Candlelight vigil to be held 10 years after Amber McFarland's disappearance

Family and friends of a missing Portage La Prairie woman will mark the 10-year anniversary of her disappearance with a candlelight vigil in Portage la Prairie Thursday evening.

Portage la Prairie woman last seen Oct. 18, 2008

Amber McFarland went missing on Oct. 18, 2008. (RCMP)

Family and friends of a missing Portage La Prairie woman will mark the 10-year anniversary of her disappearance with a candlelight vigil in Portage la Prairie Thursday evening.

Amber McFarland was 24 when she was last seen during the early morning hours of Oct. 18, 2008, leaving the Cat and Fiddle Night Club, connected to the Midtown Motor Inn, wearing a black sweater and blue jeans.

Surveillance video showed her with two men inside a hotel beer vendor in the small city about 80 kilometres west of Winnipeg.

Her empty car was later found in a nearby parking lot. There's been no trace of her since.

"It's a different kind of grief at the 10-year point," said Lori McFarland, Amber's mother, over the phone.

"It's more of an acceptance of what's to be."

The event is open to the community and will take place at Island Park near the bandstand at 7 p.m.

It's the first public event the family has held for Amber since the year after she went missing.

Amber McFarland's case was declared a homicide in 2009, even though she was never found. (Submitted by Lori McFarland)

"Now, at the 10-year point, we just feel that we need to recognize that Amber is remembered and loved and cared for," said her mother.

Amber's identical twin sister, Ashley Hewins, will speak publicly for the first time since her sister's disappearance.

"I just feel like it's time," Hewins said over the phone.

"It's been really difficult, having someone there with you from day one, and you share everything.

"I've lost a part of myself."

The family says they keep Amber's memory alive at home, especially for her young nephew, who was just nine months old when she disappeared.

"On holidays we'll set a plate for Amber. We play her music; we talk about her," Lori McFarland said.

"It was harder in the earlier years to talk about her, but now I enjoy talking about her."

Case declared a homicide

There have been few public developments in the case over the years.

RCMP searched the residence of Amber's boyfriend in fall 2008; new evidence prompted them to return and dig up his backyard.

Two men were arrested in 2009, one of them her boyfriend, who police said was one of the men in the surveillance video with her.

Both were later released without being charged.

Despite not finding McFarland, RCMP declared the case a homicide in 2009, but didn't say what prompted that decision.

Lori said that didn't come as a surprise to the family and was something they had long suspected.

The McFarland family still sets a plate out for Amber at each holiday to keep her memory alive. (Submitted by Lori McFarland)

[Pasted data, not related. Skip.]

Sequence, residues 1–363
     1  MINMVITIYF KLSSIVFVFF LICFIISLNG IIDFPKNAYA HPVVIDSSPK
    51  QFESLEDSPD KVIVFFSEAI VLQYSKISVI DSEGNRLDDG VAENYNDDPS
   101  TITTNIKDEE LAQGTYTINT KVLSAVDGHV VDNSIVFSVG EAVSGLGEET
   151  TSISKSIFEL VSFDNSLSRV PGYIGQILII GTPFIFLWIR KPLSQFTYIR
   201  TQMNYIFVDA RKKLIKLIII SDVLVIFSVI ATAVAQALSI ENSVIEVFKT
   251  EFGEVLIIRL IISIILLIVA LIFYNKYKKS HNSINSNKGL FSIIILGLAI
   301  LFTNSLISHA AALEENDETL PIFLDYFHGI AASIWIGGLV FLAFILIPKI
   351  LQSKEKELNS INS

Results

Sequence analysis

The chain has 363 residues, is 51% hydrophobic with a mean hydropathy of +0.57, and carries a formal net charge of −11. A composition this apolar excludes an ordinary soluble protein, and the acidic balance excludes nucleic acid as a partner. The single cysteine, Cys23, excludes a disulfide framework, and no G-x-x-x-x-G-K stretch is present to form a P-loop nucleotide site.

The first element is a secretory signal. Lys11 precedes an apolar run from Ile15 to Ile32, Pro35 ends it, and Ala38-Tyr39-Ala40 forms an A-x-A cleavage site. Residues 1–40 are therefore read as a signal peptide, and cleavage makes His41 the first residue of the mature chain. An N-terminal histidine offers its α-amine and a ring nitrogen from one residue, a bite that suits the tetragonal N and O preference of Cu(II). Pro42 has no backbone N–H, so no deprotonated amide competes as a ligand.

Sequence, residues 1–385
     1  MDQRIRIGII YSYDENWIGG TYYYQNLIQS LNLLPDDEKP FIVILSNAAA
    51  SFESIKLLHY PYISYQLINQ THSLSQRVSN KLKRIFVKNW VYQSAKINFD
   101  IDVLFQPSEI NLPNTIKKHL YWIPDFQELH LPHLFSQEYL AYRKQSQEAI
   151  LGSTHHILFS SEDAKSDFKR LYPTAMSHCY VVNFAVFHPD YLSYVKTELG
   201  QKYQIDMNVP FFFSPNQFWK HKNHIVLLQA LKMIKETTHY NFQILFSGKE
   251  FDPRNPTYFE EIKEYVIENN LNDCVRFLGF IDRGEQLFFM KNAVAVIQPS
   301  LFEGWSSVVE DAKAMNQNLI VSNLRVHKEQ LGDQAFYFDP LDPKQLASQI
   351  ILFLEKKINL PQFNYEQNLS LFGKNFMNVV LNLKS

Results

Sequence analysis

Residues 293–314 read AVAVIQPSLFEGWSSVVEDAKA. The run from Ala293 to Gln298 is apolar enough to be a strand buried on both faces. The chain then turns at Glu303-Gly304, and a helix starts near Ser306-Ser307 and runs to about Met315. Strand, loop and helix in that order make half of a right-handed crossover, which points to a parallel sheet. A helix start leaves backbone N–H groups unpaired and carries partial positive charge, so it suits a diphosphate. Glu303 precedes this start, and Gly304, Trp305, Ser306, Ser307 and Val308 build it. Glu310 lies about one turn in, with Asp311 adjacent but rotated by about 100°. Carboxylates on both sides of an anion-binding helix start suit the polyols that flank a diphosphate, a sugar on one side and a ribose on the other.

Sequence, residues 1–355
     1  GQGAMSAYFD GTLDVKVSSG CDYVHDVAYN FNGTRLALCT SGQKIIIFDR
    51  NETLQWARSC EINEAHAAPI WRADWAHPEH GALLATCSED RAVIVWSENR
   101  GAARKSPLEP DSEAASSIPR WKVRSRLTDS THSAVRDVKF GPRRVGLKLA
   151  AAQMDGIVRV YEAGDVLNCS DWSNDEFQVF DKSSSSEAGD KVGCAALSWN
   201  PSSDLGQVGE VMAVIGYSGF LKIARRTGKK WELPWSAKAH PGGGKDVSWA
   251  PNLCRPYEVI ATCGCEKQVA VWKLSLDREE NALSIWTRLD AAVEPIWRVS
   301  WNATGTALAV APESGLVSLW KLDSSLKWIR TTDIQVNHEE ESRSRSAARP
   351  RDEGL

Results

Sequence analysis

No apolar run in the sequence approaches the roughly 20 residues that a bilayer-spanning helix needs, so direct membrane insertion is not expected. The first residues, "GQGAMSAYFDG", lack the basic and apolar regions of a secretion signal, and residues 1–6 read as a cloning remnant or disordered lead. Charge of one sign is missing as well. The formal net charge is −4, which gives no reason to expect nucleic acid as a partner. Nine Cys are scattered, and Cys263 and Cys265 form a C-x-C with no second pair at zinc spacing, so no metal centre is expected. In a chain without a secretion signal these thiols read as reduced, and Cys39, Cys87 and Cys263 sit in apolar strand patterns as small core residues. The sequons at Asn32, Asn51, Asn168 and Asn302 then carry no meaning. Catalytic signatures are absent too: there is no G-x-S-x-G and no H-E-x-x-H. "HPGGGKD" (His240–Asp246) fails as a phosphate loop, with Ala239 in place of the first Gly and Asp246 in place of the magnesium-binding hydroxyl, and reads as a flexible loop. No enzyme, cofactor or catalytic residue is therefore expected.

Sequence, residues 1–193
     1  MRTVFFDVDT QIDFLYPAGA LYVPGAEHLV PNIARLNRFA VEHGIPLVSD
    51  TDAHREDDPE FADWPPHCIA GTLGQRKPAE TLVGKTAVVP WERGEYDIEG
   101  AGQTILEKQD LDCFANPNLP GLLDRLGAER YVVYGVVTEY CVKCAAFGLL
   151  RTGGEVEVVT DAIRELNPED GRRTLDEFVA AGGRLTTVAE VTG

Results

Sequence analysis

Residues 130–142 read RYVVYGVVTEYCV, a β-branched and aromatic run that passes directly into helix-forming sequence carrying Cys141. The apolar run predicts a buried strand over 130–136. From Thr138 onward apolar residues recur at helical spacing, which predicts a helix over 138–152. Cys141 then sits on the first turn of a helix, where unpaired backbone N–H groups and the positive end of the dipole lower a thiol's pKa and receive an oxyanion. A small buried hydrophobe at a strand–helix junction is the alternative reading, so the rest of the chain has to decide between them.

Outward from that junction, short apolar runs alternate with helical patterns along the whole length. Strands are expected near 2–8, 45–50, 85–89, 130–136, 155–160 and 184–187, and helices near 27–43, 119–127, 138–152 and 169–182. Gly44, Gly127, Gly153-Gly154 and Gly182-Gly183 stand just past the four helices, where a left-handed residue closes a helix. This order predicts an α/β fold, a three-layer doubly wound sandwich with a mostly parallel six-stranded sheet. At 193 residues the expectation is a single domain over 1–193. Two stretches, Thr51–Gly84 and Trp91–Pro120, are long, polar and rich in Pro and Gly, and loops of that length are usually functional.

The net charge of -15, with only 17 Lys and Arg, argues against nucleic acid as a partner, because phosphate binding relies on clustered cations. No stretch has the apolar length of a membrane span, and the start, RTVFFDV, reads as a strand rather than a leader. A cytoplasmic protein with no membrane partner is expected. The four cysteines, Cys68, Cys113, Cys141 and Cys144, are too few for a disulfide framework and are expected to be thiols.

"I think we already knew," she said of the day she learned her daughter's case was no longer a missing persons case.

The McFarlands now hope someone will come forward with information about what happened to the woman they say had dreams of becoming an interior designer.

Sometimes I have a dream and she just walks through the door like she hasn't even been away, and I say, 'Amber, where've you been?'  - Mother Lori McFarland

"She was really outgoing, vibrant, full of life. She just had a loud laugh and she was a lot of fun," her mom said.

"She went out of her way to help out others, and people still talk to me about things that Amber did for them."

The family still has a cat, Suzy, that Amber brought home not long before she disappeared.

"Sometimes I have a dream and she just walks through the door like she hasn't even been away, and I say, 'Amber, where've you been?'" McFarland said.

"Sometimes that seems pretty real."

It's hard to believe 10 years have passed, but harder yet to not have any answers, she said.

"I still hold out hope that somebody will come forward with what they know."

'Not a club that you want to join'

McFarland has found support in the community from families of other missing women.

Jennifer Catcheway, also from Portage la Prairie, and Claudette Osborne, from Winnipeg, went missing the same year.

The McFarlands take part in a march each Valentine's Day, the Memorial March for MMIWG2S, to honour missing and murdered women and girls.

"It's pretty hard to see that this continues to happen and just watch these families continue to have to go through this pain and agony," she said.

The family takes part in the Memorial March for MMIWG2S each Valentine's Day to honour Amber and other missing women in Manitoba. (Lyza Sale/CBC)

"It's not a club that you want to join, but we've really bonded with some of the other families through this."

The family hopes by keeping Amber's photo in the media and raising awareness about her case, they'll eventually find closure.

"We believe that there are people that know something of significance," her mom said.

They want people with information to contact police — even if they feel like it may be insignificant — because any small detail could be the missing piece that brings Amber home.

"She deserves to found and to be laid to rest with people that love her."

Anyone with information should contact RCMP or Crime Stoppers at 1-800-222-8477 (TIPS) or by texting "TIPMAN" plus your message to CRIMES (274637).​

About the Author

Holly Caruk

Video Journalist

Holly Caruk is a video journalist with CBC Manitoba. She began her career as a photo journalist in 2007 and began reporting in 2015. Born and raised in Manitoba, Holly is a graduate of the University of Manitoba's film studies program and Red River College's creative communications program. Email: holly.caruk@cbc.ca